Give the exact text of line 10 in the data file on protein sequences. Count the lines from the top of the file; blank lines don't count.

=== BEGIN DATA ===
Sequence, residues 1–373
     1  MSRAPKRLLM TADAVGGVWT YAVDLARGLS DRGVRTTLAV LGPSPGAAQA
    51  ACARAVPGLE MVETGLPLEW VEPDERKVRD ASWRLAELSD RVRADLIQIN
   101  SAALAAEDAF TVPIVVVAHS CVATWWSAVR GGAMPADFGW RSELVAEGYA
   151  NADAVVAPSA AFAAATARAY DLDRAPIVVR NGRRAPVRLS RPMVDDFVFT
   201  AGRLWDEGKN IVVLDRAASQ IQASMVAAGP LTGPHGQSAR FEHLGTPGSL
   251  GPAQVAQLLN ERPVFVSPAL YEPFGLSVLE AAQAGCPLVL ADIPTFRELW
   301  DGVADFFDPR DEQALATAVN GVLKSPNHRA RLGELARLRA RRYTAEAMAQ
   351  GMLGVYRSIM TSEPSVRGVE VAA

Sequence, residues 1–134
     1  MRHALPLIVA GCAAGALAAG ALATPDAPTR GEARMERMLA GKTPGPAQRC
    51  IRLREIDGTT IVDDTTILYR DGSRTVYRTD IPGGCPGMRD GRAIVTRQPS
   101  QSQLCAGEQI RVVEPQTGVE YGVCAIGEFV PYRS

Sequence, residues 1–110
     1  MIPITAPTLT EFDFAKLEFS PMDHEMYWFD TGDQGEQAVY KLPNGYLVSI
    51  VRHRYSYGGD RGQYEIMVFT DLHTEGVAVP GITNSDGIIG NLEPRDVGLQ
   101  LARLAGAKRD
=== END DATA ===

Sequence, residues 1–134